Matthew Lee Anderson, blogger and author ofEarthen Vessels: Why our Bodies Matter to our Faith: "A Republican party that shifts on an issue like marriage to pick up votes will win no more trust from the electorate than it had before. Trust is formed when politicians are able to make their case effectively and cheerfully, and from a strong sense of conviction. The failure of the political leadership to do that on social conservative issues is more a problem than the issues themselves."
Scot McKnight, author and professor of New Testament at Northern Seminary: "We are tempted to divide the USA into the good and the bad and to forget that the gospel has folks on both sides of political lines. Even more: we are tempted to think that the winners of the election are those who are blessed by God when the blessing of God is on God's people. God's gospel-powered mission creates a new people, the church, where we are to see God's mission at work. Therein lies our hope."
Rick Warren, pastor of Saddleback Church:"Our hope is not in the man we put in the White House but in the Man we put on the Cross."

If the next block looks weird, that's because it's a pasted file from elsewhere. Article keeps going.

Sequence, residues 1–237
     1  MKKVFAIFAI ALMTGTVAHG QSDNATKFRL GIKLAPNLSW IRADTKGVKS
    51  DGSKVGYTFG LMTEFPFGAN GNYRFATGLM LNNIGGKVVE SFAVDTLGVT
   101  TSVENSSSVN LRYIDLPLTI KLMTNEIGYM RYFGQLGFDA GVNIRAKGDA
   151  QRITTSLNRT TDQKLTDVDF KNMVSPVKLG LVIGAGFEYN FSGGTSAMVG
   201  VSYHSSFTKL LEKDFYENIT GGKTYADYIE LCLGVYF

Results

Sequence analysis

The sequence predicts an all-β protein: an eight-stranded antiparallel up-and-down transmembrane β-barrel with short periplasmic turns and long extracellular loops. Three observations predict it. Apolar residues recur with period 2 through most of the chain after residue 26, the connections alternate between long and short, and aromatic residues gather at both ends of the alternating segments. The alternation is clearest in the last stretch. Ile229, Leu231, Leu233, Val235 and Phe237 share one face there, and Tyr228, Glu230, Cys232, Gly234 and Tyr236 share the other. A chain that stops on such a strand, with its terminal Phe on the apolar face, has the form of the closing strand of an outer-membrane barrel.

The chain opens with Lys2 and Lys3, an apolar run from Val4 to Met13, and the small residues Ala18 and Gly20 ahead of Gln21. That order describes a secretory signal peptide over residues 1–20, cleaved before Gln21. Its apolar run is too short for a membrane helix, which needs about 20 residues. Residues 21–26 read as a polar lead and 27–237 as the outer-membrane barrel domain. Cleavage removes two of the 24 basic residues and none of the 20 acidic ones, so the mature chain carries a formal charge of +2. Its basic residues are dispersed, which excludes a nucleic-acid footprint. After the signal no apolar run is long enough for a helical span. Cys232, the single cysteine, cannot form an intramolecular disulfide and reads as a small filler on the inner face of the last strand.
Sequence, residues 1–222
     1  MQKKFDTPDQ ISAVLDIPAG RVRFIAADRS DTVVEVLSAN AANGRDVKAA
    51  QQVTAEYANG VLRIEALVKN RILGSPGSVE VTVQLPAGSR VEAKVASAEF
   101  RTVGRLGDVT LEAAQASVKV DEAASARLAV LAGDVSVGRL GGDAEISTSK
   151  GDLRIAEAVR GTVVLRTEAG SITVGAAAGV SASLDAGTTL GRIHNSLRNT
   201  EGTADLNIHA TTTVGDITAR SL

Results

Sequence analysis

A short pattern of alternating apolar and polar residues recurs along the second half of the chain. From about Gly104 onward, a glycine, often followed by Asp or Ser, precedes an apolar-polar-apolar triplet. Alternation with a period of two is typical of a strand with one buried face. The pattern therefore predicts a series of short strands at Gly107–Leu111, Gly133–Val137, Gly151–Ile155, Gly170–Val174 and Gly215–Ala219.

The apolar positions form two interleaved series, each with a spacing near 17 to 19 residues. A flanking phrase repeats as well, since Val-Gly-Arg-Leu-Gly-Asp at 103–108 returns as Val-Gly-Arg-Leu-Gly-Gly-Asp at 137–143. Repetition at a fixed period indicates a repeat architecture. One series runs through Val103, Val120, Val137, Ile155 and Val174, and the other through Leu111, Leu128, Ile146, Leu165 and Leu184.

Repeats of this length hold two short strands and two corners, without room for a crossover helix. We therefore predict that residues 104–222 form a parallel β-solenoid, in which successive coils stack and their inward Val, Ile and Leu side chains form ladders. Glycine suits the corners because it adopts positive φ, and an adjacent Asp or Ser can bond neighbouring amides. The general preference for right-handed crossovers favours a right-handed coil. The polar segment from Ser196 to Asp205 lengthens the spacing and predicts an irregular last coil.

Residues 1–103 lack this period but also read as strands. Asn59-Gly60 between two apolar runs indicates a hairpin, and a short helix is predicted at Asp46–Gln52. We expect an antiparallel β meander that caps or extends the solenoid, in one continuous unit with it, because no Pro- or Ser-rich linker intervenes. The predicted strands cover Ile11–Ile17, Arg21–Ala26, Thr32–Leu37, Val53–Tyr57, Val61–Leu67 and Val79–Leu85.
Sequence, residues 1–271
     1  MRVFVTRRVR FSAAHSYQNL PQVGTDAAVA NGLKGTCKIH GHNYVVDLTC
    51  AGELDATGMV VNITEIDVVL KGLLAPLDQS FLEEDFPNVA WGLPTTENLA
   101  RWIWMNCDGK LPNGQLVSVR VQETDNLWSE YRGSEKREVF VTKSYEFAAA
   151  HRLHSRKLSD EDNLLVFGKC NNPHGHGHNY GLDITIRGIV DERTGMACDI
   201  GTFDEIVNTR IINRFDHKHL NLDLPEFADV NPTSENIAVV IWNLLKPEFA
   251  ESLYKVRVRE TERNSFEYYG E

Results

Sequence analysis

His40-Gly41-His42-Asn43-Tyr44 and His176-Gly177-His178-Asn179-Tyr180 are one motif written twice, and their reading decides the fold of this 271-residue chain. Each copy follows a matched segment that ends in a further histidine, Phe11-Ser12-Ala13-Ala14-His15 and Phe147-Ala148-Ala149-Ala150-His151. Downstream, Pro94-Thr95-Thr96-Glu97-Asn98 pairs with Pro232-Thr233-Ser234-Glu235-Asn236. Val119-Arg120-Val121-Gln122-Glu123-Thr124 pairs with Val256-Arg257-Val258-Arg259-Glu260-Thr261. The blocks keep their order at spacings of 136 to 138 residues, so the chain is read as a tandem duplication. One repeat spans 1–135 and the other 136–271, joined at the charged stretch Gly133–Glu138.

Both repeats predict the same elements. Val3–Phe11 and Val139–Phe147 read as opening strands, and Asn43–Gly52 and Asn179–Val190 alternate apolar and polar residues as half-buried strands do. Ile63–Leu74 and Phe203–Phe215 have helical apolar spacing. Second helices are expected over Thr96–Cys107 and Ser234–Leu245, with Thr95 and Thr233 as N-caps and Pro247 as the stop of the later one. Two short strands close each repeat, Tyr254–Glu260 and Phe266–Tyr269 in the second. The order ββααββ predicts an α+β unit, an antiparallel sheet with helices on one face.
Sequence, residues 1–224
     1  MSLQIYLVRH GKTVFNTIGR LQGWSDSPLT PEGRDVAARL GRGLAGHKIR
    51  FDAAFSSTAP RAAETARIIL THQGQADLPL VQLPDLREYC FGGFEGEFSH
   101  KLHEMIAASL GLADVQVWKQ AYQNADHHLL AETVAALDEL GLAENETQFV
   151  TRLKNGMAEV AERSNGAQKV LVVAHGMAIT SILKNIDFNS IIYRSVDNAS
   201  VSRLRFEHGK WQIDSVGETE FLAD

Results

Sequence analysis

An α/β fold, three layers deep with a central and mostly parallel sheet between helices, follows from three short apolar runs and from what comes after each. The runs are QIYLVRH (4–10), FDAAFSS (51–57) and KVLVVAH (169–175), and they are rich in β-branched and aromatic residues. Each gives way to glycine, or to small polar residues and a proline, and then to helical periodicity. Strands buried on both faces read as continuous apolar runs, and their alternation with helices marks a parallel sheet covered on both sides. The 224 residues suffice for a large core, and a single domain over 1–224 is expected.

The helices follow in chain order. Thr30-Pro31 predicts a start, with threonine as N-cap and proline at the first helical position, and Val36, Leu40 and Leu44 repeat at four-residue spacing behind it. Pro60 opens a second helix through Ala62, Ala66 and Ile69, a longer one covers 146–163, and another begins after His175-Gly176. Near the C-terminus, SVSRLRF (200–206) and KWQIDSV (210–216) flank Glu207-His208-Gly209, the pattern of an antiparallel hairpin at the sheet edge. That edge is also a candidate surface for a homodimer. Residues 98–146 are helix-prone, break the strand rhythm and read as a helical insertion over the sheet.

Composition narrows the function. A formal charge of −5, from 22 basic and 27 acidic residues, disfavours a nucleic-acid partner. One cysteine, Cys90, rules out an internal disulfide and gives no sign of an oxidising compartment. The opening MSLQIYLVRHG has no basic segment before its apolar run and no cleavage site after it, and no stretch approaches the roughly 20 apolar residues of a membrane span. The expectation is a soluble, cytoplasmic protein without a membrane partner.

John Green, religion and politics expert at the University of Akron, senior fellow at Pew Forum on Religion and Public Life: "Maybe Hispanic Catholics were not as moved by (Romney's) religious liberty-type arguments as by immigration and economics."
Cardinal Timothy Dolan of New York, president of the U.S. Conference of Catholic Bishops: "We pray that you [President Barack Obama] will exercise your office to pursue the common good, especially in care of the most vulnerable among us, including the unborn, the poor, and the immigrant. We will continue to stand in defense of life, marriage, and our first, most cherished liberty, religious freedom. We pray, too, that you will help restore a sense of civility to the public order, so our public conversations may be imbued with respect and charity toward everyone."